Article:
Delta-like protein 3 (DLL3) is an atypical Notch receptor family ligand expressed in high-grade neuroendocrine carcinomas (NECs), but not in normal tissue. Rovalpituzumab tesirine (Rova-T™) is an antibody-drug conjugate targeting DLL3. A Phase 1 study of Rova-T in small cell lung cancer showed encouraging antitumor activity in patients (pts) with DLL3 expression, and was well-tolerated1. Rova-T may also be active in other DLL3-expressing tumors.
This is a Phase 1/2, open-label, multicenter study (NCT02709889) to determine safety and tolerability of Rova-T in 8 cohorts: malignant melanoma, medullary thyroid cancer (MTC), glioblastoma (GBM), large cell NEC (LCNEC), neuroendocrine prostate cancer (NEPC), high-grade gastroenteropancreatic NEC (GEP NEC), other NEC and other solid tumors. Eligible adults have a histologically confirmed, DLL3-expressing, advanced solid tumor relapsed/refractory to standard therapy, and no prior exposure to a pyrrolobenzodiazepine-based drug. A 3 + 3 dose escalation is used in each cohort, at doses 0.2-0.4 mg/kg of Rova-T administered intravenously on Day 1 of each 42-day cycle, and proceeding until a maximum tolerated dose (MTD) is determined. A 2-stage design will be used for disease-specific expansion cohorts.
As of 3 April 2017, 31 pts (2 melanoma, 2 MTC, 3 GBM, 3 LCNEC, 3 NEPC, 3 GEP NEC, 10 other NEC, 5 other solid tumor) have been treated (26 pts at 0.2 mg/kg, 5 pts at 0.3 mg/kg Rova-T). The MTD has not been reached. Twenty-six pts (84%) had an adverse event (AE), and only 3/31 pts (10%) had a Grade 3+ AE deemed to be related to Rova-T. Common AEs were fatigue (32%), nausea (29%), and constipation (23%). Four pts had serosal effusions, 2 (6%) of which were assessed to be drug-related, and 3 pts (10%) had adverse skin reactions. Ten pts (32%) discontinued treatment, 5 for progressive disease and 4 due to AEs. Eleven pts have had post-baseline tumor assessments, and anti-tumor activity has been observed in multiple disease cohorts.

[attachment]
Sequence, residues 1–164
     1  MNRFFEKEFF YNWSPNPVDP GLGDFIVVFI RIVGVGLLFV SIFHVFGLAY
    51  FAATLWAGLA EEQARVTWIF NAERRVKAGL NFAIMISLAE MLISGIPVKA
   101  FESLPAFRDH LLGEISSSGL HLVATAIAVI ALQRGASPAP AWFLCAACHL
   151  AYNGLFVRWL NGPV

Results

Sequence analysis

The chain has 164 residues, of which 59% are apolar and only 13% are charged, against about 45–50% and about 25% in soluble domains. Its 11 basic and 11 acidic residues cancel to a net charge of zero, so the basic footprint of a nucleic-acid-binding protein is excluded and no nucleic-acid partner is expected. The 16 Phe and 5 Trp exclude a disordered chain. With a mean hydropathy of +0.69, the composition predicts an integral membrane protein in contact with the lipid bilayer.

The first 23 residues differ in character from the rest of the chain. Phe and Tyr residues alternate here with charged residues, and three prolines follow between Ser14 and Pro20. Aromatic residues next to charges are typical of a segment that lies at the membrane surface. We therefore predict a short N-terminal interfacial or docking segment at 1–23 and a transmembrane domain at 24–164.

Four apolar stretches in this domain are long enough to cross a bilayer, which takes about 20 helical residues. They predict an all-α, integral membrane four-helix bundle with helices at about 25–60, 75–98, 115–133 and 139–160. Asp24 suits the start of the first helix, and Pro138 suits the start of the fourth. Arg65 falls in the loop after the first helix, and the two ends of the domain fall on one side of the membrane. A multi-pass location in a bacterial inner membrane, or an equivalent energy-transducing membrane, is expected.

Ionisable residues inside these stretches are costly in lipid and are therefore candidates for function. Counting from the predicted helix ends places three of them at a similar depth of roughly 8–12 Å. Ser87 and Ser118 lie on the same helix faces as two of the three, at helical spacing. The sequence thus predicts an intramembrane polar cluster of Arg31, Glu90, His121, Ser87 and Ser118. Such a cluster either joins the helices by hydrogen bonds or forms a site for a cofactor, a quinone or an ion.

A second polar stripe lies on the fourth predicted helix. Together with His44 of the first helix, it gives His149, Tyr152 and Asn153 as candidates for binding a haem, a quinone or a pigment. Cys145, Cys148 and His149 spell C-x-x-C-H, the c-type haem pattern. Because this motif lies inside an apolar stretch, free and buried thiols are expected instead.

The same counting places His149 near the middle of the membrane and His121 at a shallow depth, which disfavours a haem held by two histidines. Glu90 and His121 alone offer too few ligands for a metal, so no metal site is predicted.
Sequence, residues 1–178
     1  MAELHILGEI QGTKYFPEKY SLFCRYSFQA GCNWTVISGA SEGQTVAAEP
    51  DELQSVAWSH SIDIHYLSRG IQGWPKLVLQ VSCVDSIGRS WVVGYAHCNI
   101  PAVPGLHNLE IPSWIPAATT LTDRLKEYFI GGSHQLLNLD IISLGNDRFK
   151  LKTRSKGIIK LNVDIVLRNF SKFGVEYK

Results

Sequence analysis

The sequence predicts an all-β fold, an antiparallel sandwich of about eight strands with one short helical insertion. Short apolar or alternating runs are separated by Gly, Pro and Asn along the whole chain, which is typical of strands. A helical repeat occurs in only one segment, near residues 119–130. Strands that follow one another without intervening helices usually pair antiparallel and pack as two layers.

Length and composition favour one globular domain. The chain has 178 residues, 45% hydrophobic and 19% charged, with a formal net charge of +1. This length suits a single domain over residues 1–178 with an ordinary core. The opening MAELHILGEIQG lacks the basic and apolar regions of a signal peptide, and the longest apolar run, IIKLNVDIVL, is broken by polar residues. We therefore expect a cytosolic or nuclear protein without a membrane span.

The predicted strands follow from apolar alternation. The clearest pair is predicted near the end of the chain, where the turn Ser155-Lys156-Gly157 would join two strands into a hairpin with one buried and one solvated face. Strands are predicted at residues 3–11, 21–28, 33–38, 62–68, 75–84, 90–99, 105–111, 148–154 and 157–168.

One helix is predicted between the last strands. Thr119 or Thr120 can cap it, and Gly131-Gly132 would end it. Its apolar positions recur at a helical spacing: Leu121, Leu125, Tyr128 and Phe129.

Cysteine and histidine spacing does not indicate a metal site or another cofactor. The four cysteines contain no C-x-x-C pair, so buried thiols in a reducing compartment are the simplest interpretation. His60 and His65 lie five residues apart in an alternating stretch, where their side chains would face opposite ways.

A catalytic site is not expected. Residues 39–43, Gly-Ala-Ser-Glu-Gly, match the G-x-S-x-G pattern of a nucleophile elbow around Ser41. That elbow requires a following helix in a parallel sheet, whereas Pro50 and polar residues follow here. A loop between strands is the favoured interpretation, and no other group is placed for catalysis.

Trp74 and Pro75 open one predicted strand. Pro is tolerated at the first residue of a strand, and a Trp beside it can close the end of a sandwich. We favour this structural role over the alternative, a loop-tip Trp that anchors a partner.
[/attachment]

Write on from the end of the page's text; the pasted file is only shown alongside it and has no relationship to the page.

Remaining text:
Preliminary safety and efficacy data of Rova-T warrant continued study in these disease populations, and will be updated at time of presentation. 1. Rudin et al., Lancet Oncol 2016.
Clinical trial identification
Legal entity responsible for the study
A. Mansfield: Consulting to Genentech, BMS and Trovagene with honoraria provided to institution. H. Beltran, K. Lewis: Research funding from AbbVie Stemcentrx. A.F. Farago: Consulting or advisory role for AbbVie, Pharmamar, Merrimack Pharmaceuticals, Takeda, Intervention Insights. Honorarium from Foundation Medicine. C.L. Hann: Advisory board for AbbVie Stemcentrx and BMS. Research funding from GlaxoSmithKline and Merrimack Pharmaceuticals. S. Richey: Employee of Texas Oncology. Consulting or advisory role for Exelixis, Pfizer, Prometheus and Sanofi. Research funding from Novartis, BMS, Eisai, Genentech/Roche, GSK, and AbbVie. D. Smith: Research funding from US Oncology. H.P. Soares: Advisory board for Cornerstone Pharmaceuticals. Research funding from Novartis. Consultant fees/honoraria for Ipsen. A. Spira: Consultant for AbbVie. Research funding from AbbVie (to institution). S. Lally, M. Rossi, L. Saunders, S.J. Dylla, E. Kavalerchik: Employee of AbbVie Stemcentrx and may own stock. L. Anthony: Research funding from AbbVie Stemcentrx, Lexicon Pharmaceuticals, Novartis, Markey Cancer Center Foundation. All other authors have declared no conflicts of interest.